Mission Impossible: Rogue Nation (aka Mission: Impossible 5) review by Mark McPherson - Cinema Paradiso
Tom Cruise must be determined to become the American Jackie Chan of stunts. He already proved his worth in Ghost Protocol, but now he’s just showing off with Rogue Nation. Spitting death in the face at every turn, Cruise finds himself gunning through traffic on a motorcycle, hanging from a plane as it takes off and holding his breath underwater as a robot claw smacks him around. The Mission Impossible series has garnered an irresistible presence on this basis of seeing just how far Cruise is willing to go with his stunts. If Paramount could afford to send him up into space, there’s no doubt he’d be willing to hold onto a panel as the air is sucked out of a space station.
But while Tom Cruise parades as the death-defying Ethan Hunt once more, he leaves his co-stars in the dust. Jeremy Renner, reprising William Brandt, spends most of the movie playing Capitol Hill lawyer trading words with his new rival of a CIA director played by Alec Baldwin. Ving Rhames, reprising Luther Stickell, does little more than plan a few traps and tries his best to tag along with everyone else. And Simon Pegg, always likable as the high-strung hacker Benji Dunn, can do little more than react and panic whenever Cruise does something insanely dangerous. I guess not every actor can hold their breath for six minutes.
Quite a shame that there’s not an even cut of character given the rather engaging spy story at play. Ethan Hunt has finally uncovered the elusive syndicate he’d been tracking for years. But just as it seems that he finally has a lead to bust open the biggest criminal consortium in the world, the IMF is disbanded and absorbed by the CIA. Months later and the whole crew find themselves on new assignments. All except for Ethan who has gone underground to continue his search for the Syndicate. He slowly brings his crew secretly back into the fold, trying to keep his operations outside the radar of the CIA.
It all sounds so exciting and for the most part it is. The premise brings about some fun sequences as when all four of them speed through the streets of Morocco while gunmen on motorcycles rush after them. There’s even a chance for some of those old fashioned spy twists involving plenty of masked identities and structural traps. Just about every scene is a genuine thrill nearly equal to the previous film, Ghost Protocol. But it’s only after all the intense chases, stunts and spy games do I realize how much of this is less Mission Impossible and more of Tom Cruise Tries To Kill Himself show. The long-running charm of these movies is that there’s a real team at play that breeds a sense of comradery. It’s still here, but more in the background than you’d expect for this fifth installment.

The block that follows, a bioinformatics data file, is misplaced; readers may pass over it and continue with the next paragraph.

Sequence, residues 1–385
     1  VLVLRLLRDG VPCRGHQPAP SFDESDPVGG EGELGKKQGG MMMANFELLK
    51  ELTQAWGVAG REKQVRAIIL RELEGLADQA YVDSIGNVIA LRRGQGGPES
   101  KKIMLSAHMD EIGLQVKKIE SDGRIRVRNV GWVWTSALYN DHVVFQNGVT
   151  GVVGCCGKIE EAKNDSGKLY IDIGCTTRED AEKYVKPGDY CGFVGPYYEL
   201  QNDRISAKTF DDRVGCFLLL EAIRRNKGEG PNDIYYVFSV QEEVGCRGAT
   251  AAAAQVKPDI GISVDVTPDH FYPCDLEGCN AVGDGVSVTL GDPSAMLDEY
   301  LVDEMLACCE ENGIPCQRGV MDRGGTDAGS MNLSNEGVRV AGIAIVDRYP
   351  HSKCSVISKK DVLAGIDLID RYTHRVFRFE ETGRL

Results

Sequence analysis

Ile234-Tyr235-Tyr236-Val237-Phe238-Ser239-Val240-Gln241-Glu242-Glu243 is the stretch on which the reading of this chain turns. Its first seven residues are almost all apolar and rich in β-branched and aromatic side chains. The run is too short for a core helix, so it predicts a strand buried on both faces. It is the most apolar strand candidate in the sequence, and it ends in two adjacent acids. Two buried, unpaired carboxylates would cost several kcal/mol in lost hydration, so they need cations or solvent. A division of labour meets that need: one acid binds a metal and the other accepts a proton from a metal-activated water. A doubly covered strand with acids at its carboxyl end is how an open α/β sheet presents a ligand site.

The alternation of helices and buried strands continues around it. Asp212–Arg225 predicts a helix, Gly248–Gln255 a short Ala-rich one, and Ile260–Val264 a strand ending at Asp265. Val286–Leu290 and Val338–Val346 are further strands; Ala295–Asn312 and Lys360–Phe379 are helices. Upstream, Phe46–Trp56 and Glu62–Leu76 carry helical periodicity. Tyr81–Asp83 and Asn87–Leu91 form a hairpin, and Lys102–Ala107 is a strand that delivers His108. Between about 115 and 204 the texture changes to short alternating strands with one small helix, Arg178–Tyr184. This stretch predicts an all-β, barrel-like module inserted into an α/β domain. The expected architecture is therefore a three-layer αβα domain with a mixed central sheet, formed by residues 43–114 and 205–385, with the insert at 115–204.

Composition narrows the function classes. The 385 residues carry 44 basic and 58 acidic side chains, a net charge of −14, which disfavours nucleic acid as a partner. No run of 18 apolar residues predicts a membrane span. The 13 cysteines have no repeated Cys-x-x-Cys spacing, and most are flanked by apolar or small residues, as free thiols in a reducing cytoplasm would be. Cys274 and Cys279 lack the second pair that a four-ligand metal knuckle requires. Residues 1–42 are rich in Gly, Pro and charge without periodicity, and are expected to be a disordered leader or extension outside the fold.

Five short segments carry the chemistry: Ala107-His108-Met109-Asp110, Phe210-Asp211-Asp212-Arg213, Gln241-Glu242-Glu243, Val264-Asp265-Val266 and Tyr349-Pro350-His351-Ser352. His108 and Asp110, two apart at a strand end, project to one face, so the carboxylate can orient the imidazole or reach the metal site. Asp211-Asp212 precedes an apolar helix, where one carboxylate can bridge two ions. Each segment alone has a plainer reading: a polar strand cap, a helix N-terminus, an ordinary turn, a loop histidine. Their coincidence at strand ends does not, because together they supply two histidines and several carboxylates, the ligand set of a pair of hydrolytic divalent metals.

And then there’s the underwhelming villain. Solomon Lane is supposed to be the mastermind of the intricate and sinister Syndicate, but he’s played far too low-key by Sean Harris. He throws on the thick glasses and speaks with a quiet snobbiness - mannerisms better suited for a hacker genius than a crime syndicate leader. There’s at least a capable turncoat of the organization played by Rebecca Ferguson who does a decent job filling out the role. And Alec Baldwin as the CIA director? Well, he’s playing Alec Baldwin - no complaints.
While Rogue Nation doesn’t trump Ghost Protocol, it still has a solid grip on the eyes for its amazing spy thrills. For as much screentime as Tom Cruise hogs, he doesn’t waste it with chases and stunts that never fail to be exhilarating. I just hope he doesn’t forget to remember that his co-stars are just as capable. Everyone will remember this picture for the way Tom Cruise hangs on to the door of a plane as it takes off. Few will remember Ving Rhames for the way he constructed a mirrored box to trap the bad guy. Just a thought before your eyeballs pop out at the expertly shot underwater sequence.